Wednesday, November 29, 2023

WHO says sweeteners do not help lose weight and may increase mortality

The World Health Organization (WHO) said today that sweeteners are not effective for long-term weight control and may have unwanted effects if they are used for a long time, such as increased risk of diabetes type 2, cardiovascular diseases and mortality in adults.

For this reason, he advised against its use and pointed out that, in general, people should reduce the sweet of your diet, and you should do it from an early age to enjoy better health.

“Replace free sugars (the refined and the natural ones present in fruits, honey and others) by sweeteners does not offer any long-term benefit in terms of reducing fat in the body in adults or children”, assured the governing organization of public health at the global level.

Between the products Specific drugs that are not recommended include acesulfame K, aspartame, advantame, cyclamates, neotame, saccharin, sucralose, as well as stevia and its derivatives.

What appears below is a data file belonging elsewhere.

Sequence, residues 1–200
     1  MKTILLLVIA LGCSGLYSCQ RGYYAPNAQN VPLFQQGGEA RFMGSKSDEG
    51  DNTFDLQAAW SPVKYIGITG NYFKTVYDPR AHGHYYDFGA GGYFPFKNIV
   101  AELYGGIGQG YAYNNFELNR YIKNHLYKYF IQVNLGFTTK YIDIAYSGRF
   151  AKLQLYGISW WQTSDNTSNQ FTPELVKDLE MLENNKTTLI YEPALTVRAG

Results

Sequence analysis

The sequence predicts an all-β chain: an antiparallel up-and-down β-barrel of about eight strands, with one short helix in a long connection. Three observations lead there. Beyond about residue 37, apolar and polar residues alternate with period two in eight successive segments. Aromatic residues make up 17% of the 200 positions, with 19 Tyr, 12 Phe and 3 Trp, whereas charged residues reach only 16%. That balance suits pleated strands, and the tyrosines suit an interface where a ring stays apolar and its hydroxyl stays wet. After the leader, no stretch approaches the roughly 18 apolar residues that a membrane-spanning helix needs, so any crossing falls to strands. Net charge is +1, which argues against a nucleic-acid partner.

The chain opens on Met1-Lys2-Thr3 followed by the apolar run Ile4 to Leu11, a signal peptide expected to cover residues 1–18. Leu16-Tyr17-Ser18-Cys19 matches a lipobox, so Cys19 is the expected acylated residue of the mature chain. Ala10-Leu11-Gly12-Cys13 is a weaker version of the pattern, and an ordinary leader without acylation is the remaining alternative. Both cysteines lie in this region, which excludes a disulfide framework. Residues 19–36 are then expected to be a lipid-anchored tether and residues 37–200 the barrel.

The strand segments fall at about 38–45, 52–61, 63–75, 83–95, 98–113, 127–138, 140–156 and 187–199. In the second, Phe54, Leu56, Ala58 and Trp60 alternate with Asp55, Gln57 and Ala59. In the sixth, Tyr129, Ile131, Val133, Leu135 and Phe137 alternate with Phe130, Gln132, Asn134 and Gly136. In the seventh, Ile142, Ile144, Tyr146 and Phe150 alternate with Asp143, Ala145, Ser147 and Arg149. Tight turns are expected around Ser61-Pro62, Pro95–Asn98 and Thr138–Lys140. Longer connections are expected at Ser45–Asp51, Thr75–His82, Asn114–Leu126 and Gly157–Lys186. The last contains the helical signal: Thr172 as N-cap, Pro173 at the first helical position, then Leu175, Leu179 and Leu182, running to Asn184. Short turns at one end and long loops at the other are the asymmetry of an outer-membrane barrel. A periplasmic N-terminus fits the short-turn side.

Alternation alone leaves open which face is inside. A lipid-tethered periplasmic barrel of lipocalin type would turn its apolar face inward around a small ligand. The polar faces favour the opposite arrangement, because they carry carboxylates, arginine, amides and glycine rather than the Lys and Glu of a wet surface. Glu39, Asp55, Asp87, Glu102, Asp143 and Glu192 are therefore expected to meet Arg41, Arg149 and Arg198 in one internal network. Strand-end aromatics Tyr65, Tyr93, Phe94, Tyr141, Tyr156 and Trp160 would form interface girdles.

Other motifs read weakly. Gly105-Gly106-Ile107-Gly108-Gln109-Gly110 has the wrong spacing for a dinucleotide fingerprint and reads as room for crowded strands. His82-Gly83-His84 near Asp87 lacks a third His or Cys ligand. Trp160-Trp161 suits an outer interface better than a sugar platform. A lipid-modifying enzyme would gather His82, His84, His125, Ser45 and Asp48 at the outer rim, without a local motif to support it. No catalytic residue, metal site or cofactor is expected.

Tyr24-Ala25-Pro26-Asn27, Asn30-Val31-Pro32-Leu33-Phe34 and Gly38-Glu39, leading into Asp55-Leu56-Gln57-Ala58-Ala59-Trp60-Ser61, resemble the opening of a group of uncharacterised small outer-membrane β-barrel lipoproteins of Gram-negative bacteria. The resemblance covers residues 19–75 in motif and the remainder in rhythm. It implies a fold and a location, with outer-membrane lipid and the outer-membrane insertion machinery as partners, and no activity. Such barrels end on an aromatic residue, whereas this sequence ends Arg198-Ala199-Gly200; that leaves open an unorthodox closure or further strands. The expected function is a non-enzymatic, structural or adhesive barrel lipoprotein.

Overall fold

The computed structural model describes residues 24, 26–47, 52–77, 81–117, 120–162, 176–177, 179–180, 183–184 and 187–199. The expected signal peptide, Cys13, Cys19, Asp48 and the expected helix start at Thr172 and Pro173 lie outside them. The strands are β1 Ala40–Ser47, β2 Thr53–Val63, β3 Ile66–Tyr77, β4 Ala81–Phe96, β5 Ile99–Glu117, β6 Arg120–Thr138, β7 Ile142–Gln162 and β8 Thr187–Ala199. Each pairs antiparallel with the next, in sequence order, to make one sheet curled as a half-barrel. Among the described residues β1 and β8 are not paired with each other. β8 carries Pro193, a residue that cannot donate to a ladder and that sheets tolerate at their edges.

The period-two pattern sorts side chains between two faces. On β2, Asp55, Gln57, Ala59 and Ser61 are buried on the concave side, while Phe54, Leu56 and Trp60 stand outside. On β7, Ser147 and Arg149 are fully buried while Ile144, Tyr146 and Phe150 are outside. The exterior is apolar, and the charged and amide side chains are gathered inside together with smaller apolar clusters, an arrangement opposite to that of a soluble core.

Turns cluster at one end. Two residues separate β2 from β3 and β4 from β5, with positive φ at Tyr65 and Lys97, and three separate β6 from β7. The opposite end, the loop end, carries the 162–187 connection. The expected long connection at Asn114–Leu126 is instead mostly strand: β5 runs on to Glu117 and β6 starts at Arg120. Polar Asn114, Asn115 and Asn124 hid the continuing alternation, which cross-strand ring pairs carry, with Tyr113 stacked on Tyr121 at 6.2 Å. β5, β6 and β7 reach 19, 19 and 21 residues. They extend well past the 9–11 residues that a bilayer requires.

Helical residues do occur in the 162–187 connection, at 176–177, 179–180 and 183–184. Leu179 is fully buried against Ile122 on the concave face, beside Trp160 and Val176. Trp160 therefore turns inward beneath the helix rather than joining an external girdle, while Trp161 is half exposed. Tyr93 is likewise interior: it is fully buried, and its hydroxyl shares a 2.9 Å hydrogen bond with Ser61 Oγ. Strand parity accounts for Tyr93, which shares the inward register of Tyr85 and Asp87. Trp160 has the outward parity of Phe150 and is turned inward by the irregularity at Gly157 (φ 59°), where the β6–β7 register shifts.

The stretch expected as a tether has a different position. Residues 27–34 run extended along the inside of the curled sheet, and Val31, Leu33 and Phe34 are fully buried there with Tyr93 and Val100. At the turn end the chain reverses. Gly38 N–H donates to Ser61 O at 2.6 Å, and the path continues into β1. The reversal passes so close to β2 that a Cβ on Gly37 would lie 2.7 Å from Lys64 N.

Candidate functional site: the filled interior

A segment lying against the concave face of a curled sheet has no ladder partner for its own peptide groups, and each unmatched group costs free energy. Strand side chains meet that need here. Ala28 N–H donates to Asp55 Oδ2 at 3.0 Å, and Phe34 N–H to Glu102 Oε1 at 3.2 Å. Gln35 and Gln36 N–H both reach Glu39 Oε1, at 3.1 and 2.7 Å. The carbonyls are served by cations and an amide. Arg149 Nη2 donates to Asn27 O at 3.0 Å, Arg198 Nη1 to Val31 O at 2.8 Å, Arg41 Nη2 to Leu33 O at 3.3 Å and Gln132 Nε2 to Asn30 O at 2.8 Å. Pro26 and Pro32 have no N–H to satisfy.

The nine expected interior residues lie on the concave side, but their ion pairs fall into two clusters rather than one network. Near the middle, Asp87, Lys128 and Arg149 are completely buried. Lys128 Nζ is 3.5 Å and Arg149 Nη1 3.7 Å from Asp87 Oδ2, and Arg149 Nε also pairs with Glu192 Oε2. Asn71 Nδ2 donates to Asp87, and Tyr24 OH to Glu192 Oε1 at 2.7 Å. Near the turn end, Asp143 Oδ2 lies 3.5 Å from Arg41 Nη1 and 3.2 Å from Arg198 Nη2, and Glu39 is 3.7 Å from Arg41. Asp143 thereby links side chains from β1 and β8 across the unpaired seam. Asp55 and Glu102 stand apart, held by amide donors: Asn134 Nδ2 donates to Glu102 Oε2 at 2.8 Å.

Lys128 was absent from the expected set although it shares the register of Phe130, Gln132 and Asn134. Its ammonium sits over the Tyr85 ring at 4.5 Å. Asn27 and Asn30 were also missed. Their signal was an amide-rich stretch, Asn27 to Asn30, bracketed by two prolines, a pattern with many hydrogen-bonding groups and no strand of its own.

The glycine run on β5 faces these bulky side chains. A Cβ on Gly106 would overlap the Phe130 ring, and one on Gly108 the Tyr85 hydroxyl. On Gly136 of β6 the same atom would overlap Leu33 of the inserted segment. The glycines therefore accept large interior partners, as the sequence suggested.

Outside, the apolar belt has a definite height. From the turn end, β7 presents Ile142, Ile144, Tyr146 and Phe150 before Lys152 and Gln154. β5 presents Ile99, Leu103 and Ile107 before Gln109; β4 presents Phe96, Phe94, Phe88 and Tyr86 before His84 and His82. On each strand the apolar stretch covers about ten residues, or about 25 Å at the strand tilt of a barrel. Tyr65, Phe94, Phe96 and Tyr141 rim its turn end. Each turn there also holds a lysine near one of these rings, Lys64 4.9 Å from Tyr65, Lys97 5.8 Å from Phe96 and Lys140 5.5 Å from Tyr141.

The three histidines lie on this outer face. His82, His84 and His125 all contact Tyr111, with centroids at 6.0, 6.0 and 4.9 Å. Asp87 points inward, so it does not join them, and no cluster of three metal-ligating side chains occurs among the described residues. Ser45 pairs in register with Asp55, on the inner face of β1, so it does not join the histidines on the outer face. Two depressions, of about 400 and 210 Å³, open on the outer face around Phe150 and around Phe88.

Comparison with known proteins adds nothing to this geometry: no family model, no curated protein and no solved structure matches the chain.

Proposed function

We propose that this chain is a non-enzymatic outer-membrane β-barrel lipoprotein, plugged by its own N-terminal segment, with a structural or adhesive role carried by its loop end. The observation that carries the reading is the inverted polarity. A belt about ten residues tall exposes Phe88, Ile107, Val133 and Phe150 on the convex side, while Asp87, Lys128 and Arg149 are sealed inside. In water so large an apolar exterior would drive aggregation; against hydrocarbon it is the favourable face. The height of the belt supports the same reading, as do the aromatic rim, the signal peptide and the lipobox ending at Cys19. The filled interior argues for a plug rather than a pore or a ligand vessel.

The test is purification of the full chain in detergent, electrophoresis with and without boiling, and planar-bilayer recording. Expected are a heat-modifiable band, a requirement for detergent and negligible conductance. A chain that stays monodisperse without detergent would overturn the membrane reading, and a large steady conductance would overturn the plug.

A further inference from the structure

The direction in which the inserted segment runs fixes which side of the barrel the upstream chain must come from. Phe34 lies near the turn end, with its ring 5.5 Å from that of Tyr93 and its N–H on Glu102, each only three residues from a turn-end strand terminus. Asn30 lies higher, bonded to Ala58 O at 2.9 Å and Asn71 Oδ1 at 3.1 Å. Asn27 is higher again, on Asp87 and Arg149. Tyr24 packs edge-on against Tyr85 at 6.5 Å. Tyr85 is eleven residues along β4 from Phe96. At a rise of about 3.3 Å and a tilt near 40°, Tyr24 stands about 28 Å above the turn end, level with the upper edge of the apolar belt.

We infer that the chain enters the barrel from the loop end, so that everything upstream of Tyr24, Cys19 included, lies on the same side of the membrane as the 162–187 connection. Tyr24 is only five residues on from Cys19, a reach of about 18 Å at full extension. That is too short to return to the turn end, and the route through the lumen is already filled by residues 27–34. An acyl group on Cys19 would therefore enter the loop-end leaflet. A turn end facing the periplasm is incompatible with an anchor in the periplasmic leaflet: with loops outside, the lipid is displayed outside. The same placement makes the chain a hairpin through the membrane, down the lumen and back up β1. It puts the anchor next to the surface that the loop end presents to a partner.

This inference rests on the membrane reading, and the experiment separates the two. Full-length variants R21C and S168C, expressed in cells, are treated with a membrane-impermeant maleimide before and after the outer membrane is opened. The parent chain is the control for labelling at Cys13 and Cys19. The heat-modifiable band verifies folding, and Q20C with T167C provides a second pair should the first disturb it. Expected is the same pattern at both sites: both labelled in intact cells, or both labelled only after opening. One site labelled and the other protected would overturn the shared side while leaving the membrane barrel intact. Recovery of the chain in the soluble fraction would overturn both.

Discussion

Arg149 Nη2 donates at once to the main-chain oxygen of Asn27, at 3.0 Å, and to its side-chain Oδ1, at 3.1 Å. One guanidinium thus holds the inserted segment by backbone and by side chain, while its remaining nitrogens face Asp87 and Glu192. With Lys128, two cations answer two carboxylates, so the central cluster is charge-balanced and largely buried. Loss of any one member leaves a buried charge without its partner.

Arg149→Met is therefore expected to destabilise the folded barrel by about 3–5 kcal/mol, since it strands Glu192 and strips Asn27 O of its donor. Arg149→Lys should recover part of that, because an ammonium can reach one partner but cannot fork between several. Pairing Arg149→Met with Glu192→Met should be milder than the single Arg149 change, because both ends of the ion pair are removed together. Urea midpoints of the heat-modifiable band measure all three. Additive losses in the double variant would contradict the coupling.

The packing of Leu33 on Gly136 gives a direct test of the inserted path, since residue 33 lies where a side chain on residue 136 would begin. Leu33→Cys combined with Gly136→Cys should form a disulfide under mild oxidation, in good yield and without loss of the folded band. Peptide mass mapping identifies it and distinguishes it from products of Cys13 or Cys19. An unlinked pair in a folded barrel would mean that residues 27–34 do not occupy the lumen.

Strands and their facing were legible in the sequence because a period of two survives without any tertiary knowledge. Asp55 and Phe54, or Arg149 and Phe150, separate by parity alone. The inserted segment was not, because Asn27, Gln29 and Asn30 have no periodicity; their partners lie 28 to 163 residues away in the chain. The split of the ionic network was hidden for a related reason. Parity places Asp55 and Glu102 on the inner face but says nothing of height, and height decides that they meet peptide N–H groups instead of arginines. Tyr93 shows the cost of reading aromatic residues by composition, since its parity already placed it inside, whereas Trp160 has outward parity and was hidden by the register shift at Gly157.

“People need to consider other ways to reduce the consumption free sugars, such as eating foods that naturally contain sugars, such as fruits; or food and drinks that are not sweet,” said WHO director of nutrition and food safety, Francesco Branca.

This recommendation applies to everyone except those with pre-existing diabetes.

The WHO also noted that this new recommendation includes synthetic sweetenersnatural or that have been modified, “that are not classified as sugars found in industrial foods and beverages” or that are sold separately to be added by the consumer.

On the other hand, the organization clarified that its position In relation to sweeteners, it does not apply to personal care or hygiene products that may contain them, such as toothpastes, skin creams or medicines.

Nor does it imply low-fat sugars calories or sugar alcohols, since these are derived from sugar and contain calories, so they are not considered sweeteners.

This set of recommendations is based on the conclusions of the review of evidence and is part of WHO’s efforts to encourage countries to adopt policies that favor healthy eating habits and quality diets, which reduce the risk of suffering from chronic diseases.


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